Pepsi Max continues
to score big with "Uncle Drew."
The candid-camera-esque video exploded on YouTube in late May,
prompting the brand to whittle the five-minute clip down to a
30-second TV spot. The spot began airing last night during Game 1
of the NBA Finals on ABC and is also slated to air during Games 2
and 3 as well as on the WatchESPN live-streaming app. Pepsi Max is
planning a homepage takeover on ESPN.com this Saturday .
As of Tuesday, before the 30-second spot aired, the YouTube video had led to more than 10,000 #uncledrew tweets.
Sam Duboff, a spokesman for the brand, said a 30-second spot
wasn't on the brand's radar screen initially. "We uploaded the
video two days after Kyrie [Irving] received the Rookie of the Year
award to build on the excitement of his achievement," he said.
"Once we started looking at the metrics, it became clear that we
couldn't miss the opportunity to bring Uncle Drew to the sport's
Since the ad was posted on May 18 it has amassed nearly 10
million views. And Mr. Duboff says 80% of viewers are still
watching at the four-minute mark. As of Tuesday, before the
30-second spot aired, the video had led to more than 10,000
#uncledrew tweets, many repeating Uncle Drew catch phrases like, "I
get buckets," "Don't reach, youngblood," and "I'm a real
Mr. Duboff says #uncledrew and "Kyrie Irving" were trending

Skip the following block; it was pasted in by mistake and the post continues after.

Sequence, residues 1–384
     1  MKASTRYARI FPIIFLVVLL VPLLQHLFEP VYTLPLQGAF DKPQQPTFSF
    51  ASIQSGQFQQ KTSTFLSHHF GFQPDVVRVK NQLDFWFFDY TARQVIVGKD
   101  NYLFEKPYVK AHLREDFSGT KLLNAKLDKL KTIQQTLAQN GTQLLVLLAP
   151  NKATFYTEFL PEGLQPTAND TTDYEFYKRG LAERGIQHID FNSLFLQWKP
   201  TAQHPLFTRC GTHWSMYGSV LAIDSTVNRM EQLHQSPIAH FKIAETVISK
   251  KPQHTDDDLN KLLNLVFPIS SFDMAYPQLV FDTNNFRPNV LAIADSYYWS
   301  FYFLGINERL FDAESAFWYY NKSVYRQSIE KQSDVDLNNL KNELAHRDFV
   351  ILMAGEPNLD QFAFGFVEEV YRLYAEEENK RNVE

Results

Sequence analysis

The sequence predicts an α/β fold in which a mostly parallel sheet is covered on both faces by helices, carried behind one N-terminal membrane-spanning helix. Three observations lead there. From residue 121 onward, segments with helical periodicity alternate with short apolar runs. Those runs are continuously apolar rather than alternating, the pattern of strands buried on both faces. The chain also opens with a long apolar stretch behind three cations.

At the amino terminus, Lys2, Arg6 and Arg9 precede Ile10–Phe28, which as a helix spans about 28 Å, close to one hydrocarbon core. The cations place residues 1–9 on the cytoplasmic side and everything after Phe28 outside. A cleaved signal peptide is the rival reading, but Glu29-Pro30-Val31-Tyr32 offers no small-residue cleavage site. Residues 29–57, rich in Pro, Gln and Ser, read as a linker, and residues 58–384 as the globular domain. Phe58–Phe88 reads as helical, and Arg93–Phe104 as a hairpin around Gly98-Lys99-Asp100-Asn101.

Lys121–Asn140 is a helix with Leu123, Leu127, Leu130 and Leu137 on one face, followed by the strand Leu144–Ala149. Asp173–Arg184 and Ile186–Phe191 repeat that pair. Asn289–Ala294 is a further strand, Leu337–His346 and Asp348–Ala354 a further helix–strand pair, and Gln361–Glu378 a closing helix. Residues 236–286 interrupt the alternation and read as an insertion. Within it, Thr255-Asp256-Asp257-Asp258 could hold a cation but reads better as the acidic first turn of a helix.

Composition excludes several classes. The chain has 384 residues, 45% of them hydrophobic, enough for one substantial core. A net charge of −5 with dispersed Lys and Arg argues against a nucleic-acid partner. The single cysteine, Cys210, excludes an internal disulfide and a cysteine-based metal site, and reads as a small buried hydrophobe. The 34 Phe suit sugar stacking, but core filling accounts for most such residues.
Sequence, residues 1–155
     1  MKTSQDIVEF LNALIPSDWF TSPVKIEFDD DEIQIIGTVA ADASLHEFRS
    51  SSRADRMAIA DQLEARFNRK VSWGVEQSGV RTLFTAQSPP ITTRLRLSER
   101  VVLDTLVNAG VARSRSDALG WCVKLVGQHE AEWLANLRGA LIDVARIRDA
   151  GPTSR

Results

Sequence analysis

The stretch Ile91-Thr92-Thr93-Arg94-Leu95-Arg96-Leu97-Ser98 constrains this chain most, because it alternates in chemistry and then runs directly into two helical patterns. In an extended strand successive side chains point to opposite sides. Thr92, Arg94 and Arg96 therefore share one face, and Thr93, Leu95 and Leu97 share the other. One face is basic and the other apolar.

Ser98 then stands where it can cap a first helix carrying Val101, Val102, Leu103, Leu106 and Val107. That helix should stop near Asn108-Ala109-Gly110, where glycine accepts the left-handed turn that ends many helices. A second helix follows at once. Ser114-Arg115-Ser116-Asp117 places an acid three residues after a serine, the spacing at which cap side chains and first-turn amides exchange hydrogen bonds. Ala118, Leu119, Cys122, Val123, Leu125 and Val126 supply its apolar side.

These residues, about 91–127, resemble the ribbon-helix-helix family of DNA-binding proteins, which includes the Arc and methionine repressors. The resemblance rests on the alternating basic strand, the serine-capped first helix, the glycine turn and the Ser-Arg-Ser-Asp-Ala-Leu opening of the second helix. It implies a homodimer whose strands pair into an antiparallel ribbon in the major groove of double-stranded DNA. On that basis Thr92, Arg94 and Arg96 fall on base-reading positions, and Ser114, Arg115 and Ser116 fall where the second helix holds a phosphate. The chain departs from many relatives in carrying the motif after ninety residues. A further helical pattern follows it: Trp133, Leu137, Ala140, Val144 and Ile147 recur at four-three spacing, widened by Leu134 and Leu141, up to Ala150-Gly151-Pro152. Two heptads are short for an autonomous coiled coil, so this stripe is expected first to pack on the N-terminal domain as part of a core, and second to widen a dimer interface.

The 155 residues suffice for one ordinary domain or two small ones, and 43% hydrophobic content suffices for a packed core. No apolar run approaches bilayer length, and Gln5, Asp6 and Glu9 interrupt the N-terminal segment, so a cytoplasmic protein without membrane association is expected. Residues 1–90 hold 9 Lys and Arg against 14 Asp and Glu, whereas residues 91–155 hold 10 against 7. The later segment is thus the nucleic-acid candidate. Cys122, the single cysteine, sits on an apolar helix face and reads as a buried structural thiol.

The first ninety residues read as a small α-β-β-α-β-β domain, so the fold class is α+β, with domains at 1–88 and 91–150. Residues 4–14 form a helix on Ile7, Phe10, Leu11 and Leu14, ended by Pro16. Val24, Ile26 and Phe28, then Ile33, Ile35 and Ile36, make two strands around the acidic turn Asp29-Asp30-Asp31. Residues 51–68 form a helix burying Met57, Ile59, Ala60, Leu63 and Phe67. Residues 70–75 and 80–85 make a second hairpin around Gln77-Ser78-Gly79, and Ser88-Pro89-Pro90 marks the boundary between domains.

worldwide on Twitter for almost half an hour following the ad's
debut last night.
Davie Brown Entertainment worked on
the video, which features Kyrie Irving disguised as a
sweatshirt-wearing, pot-belly-sporting elderly man named "Uncle
Drew." He's attending an outdoor basketball game where his nephew
is playing, but when one of the players goes down with an injury,
Uncle Drew takes the court.
He starts slow and stiff, but then stuns the crowd with a flurry
of crossover dribbles, dunks and three-point baskets, taunting his
opponents all the while.
Natalie Zmuda oversees the CMO Strategy section and is responsible for identifying and analyzing the latest trends impacting chief marketers. Natalie also covers the retail and non-alcoholic beverage categories. She joined Advertising Age in 2008, following five years covering the retail and fashion industries for Conde Nast Publications.